What is the burden on the union that weighs against simply requiring employees to opt-in as opposed to opt-out of agency fees? (Chief Justice Roberts to Unions’ Counsel) Abood recognized that there was no burden on the individual by requiring that he or she opt-out.  Chief Justice Roberts followed up by asking why someone should be required to opt-out every year.  Counsel responded that a continuing opt-out may be appropriate but that that issue was never presented below.

Why Should Abood be Affirmed.  (Opening argument by US Solicitor General) If you overturn Abood, “you’re going to disrupt those long-term relationships that have developed over time, and the expectations that have developed over time, and you’re going to replace them with a different kind of a situation in which the union is going to have a different set of incentives, trying to – trying to ensure that the maximum number of people are willing to pay union fees. And the way that the unions are likely to try to do that is through trying to convince employees that you — that they need the union because otherwise management is going to do them harm. And I do think that that’s a significant problem here for public employer perspective now, in a time of budgetary constraints, when difficult decisions have to be made and cuts have to be made.  It’s of great benefit to the employer, to the government as employer, to have the union participate in those judgments so that they are perceived as fair as the – by the workforce, and so that the union then, in effect, vouches for management with the workforce and prevents disruption.”

  • [Comment: If I understand correctly, the U.S. Solicitor General is arguing that without agency fees, unions will be forced to paint the employer as the “bad guy” in order to get employees to join, whereas with agency fees the union has more incentive to work with management in order to keep labor peace.  I’m not sure I agree with this argument; or that there is any empirical evidence to support it. However, I thought it was a very interesting argument for the U.S. Solicitor General to proffer.]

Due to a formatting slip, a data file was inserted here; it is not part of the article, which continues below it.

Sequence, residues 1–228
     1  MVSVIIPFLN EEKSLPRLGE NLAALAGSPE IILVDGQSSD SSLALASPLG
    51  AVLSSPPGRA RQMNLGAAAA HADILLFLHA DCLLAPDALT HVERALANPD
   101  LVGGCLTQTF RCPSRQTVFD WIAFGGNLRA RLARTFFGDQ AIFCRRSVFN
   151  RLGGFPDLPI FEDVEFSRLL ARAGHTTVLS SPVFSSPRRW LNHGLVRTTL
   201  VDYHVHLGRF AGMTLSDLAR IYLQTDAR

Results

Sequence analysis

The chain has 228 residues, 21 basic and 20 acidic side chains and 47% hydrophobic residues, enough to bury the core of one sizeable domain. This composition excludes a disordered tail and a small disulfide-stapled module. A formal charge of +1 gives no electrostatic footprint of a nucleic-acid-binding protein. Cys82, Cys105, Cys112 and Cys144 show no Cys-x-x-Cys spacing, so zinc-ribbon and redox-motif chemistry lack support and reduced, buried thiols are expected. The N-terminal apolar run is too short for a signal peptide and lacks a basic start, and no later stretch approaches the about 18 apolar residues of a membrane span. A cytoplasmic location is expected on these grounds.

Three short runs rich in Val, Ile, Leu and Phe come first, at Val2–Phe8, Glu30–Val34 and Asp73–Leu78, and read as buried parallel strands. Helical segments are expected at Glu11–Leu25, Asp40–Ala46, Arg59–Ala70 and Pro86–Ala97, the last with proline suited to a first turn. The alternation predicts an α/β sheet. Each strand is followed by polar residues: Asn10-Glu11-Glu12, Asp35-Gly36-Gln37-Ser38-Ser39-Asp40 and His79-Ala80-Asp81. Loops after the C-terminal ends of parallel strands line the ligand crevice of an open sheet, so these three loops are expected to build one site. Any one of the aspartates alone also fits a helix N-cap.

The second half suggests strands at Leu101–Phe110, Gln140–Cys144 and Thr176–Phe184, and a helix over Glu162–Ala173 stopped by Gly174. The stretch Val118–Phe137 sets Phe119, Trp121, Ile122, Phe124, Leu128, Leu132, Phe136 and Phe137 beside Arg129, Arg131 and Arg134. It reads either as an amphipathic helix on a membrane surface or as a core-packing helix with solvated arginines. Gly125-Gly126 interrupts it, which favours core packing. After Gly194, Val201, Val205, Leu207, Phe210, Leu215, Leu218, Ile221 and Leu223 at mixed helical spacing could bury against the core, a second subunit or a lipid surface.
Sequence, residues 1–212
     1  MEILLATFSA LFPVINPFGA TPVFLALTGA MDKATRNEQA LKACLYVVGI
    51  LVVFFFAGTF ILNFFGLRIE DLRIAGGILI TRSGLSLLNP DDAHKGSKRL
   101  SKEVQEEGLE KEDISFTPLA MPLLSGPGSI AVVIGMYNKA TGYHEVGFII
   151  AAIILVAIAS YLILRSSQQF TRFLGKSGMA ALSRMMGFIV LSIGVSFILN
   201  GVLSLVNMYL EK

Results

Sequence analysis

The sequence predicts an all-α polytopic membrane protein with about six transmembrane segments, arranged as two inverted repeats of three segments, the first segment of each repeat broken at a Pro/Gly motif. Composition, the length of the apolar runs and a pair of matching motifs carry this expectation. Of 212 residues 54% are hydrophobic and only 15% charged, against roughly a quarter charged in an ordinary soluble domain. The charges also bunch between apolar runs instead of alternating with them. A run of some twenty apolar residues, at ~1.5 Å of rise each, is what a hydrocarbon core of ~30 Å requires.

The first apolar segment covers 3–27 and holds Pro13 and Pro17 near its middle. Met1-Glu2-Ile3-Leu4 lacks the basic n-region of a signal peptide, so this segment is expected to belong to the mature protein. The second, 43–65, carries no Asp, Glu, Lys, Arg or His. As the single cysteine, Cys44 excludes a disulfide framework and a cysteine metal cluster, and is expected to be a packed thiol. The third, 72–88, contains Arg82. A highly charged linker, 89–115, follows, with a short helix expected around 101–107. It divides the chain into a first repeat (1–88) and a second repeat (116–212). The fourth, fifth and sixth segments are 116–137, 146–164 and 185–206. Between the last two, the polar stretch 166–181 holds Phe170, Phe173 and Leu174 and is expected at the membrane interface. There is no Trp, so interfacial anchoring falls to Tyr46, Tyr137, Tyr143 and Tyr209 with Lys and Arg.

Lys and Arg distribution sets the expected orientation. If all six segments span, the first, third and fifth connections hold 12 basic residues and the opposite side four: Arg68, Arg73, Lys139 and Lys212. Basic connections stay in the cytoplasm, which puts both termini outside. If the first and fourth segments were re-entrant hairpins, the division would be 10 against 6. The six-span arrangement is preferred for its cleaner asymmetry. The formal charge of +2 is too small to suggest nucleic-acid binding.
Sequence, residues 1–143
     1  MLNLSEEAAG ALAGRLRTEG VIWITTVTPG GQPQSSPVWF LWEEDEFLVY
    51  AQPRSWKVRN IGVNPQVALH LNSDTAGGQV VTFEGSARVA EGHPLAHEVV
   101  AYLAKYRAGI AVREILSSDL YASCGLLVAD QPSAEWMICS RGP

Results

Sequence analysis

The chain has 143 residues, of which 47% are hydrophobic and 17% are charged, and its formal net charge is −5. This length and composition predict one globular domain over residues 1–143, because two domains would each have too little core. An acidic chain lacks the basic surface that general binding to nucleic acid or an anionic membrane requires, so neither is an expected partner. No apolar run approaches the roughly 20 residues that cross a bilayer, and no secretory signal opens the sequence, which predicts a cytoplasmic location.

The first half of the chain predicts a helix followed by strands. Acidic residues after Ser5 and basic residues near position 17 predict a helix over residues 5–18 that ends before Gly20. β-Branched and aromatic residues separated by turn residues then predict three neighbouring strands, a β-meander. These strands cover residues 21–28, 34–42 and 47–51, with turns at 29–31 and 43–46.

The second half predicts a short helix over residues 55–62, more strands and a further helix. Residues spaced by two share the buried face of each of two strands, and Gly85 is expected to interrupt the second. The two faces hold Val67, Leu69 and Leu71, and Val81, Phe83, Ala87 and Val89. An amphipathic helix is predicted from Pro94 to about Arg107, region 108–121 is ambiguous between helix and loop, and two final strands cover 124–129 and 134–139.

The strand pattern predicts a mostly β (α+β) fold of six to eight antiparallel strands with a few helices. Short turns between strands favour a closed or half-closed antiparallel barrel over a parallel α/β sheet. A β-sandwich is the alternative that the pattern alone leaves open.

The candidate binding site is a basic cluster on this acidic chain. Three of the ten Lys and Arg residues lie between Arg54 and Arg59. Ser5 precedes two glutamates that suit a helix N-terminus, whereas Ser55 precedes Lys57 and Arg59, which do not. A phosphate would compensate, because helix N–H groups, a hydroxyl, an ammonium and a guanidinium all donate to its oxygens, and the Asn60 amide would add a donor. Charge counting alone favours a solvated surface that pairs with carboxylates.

Shouldn’t states be allowed to decide whether to allow agency fees, especially because unions often do training and provide equipment that public agencies cannot afford on their own?  (Justice Sotomayor to Petitioners’ Counsel) Those matters are one of public concern and basic to our democracy.  That’s why petitioners shouldn’t have to subsidize them.

Finally, here’s my award for the strangest point. This was an example offered by unions’ counsel in response to questioning from Justice Breyer): “In New York City, for example, there were strikes that were occurring all of the time until an agency fee – fee system was put into place, and that enabled the City to better deliver transit services, schools services, and the like.”  Justice Scalia responded, “I just absolutely don’t understand it. Why would agency fees enable the city to do things that it couldn’t do before.”  Counsel replied, “Because it enables all of the workers to know they are making a shared sacrifice for the purpose of working together to establish a coherent position with their employer.”

  • [Comment: I still don’t get it. While I understand the free rider argument. I didn’t understand this argument at all.]